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Best Overall: Hell's Bay Biscayne Technical Poling Skiff

Florida has 825 miles of coast line and so many square miles of shallow water. All kinds of fishing boats work well in the flats around Florida, the Bahamas, and the Caribbean. Each boat has its positives and drawbacks.

A lot of anglers are quite happy with being able to fish in one foot of water. Others aren't satisfied with that and demand shallower access.

Hell’s Bay Biscayne poling skiffs are small and well-built. They can float in the skinniest water and still enable you to catch the most aware fish in the ocean like the bonefish or permit. 

Hell's Bay Biscayne Technical Poling Skiff

Now we'll cover some of the most important parts of technical poling skiffs you need to be aware of.

Lightweight Construction

Typical poling skiffs have just one poling platform to control the boat at the stern and a casting platform at the bow. Increasingly lighter-weight materials and advances in boat construction techniques have given us skiffs that float in ultra-shallow water and yet can be fast and easily maneuverable when needed.

The featherweight carbon fiber hulls with vinyl ester resin used in the Maverick HPX models are used in conjunction with a technology called vacuum-assisted resin-infused system (VARIS), minimizing weight while maintaining strength.

A lightweight skiff may seem basic and easy to build but it is made of the most advanced boat building materials and construction techniques known to the industry.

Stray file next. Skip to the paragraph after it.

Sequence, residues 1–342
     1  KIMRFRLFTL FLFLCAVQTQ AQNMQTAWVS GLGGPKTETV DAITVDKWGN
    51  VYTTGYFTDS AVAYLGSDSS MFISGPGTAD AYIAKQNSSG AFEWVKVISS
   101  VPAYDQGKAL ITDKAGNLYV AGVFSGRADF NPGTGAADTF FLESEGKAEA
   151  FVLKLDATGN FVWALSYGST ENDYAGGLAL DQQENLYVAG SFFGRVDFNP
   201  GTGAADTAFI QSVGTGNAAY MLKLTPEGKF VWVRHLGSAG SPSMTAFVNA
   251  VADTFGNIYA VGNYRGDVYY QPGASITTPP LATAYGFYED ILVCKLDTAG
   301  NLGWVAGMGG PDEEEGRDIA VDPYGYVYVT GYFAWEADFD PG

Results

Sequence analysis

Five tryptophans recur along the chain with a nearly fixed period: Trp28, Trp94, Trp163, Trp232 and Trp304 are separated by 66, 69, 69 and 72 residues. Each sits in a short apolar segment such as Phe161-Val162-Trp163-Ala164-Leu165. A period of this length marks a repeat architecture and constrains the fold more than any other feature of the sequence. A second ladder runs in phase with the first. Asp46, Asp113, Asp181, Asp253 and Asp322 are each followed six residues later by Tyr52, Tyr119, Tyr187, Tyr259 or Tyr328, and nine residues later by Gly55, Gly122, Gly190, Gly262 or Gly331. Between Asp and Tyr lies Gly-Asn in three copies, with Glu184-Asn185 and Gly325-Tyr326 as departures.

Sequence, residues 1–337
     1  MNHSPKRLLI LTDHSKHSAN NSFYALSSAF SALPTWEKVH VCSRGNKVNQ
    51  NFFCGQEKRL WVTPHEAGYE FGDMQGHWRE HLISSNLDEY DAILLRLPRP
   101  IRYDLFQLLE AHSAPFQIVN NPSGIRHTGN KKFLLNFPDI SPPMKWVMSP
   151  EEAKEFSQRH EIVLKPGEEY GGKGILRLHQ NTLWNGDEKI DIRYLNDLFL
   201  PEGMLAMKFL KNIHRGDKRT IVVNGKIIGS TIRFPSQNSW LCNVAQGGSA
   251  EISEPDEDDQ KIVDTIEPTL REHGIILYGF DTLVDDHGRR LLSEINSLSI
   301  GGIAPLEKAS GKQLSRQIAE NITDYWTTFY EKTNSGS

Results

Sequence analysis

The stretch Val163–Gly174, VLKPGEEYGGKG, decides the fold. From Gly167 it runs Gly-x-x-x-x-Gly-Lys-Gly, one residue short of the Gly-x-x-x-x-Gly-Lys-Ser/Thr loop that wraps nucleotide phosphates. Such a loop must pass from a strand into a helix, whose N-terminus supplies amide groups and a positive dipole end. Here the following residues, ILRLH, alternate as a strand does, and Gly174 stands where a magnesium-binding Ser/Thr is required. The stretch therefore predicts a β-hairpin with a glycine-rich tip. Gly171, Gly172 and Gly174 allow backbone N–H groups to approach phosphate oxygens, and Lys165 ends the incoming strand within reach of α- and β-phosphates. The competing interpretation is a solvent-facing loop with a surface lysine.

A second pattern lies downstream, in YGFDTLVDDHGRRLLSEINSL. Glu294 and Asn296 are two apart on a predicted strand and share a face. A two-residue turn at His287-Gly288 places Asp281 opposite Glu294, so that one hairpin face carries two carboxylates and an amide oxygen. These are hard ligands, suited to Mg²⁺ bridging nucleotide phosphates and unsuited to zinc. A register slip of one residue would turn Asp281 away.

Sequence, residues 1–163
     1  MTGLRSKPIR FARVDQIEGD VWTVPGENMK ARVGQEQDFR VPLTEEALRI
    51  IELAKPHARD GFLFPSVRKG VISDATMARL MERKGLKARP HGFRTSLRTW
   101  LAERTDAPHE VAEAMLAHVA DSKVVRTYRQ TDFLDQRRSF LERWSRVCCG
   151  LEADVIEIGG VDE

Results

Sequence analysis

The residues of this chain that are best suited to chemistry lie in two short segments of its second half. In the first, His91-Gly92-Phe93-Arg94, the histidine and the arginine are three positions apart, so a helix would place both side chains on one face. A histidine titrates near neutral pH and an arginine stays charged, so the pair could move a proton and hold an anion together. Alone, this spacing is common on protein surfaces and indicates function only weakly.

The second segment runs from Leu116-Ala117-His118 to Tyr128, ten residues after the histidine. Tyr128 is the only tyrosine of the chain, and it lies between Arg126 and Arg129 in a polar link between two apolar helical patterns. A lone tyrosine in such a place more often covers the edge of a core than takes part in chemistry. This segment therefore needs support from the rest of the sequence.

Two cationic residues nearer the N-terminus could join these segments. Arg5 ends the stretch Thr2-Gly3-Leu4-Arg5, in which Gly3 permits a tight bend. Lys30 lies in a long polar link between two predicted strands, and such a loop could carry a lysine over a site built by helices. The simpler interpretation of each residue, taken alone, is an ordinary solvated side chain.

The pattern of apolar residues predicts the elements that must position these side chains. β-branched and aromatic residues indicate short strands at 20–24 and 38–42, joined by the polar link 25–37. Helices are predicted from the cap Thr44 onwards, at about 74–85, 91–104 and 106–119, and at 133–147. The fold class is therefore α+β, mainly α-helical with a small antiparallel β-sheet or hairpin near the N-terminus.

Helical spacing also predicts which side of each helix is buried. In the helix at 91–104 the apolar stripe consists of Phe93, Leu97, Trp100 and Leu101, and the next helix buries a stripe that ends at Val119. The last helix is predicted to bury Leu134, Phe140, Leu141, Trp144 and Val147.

Using lightweight materials helps to minimize boat weight and the other way to cut weight is to remove a lot of heavy equipment. There are no padded seats, and you won’t find a huge battery bank like on a bay fishing boat. Just these couple of items knock off a lot of weight. For example, the 16-foot 4-inch Hell's Bay Biscayne model weighs just 595 pounds with a 7" draft.

Minimal Propulsion Needs

Some skiffs come standard with a poling platform and a rudder, but others include an outboard motor. The lighter your boat is, the less power you need to get you out to the fish, no matter where they are. Even a 40 hp motor is going to get you where you're going fast enough.

Still, some anglers prefer 60-70 hp with their Hell's Bay skiffs. With a capacity of 3 persons, total weight onboard can vary by as much as 300 lb. so, maybe some of you do need the big motors for the big boys!

It's up for argument whether skiffs should have motorized jack plates or not. This gadget allows the boat to be raised up on plane at slower engine speeds and there is a noticeable increase in fuel efficiency using them.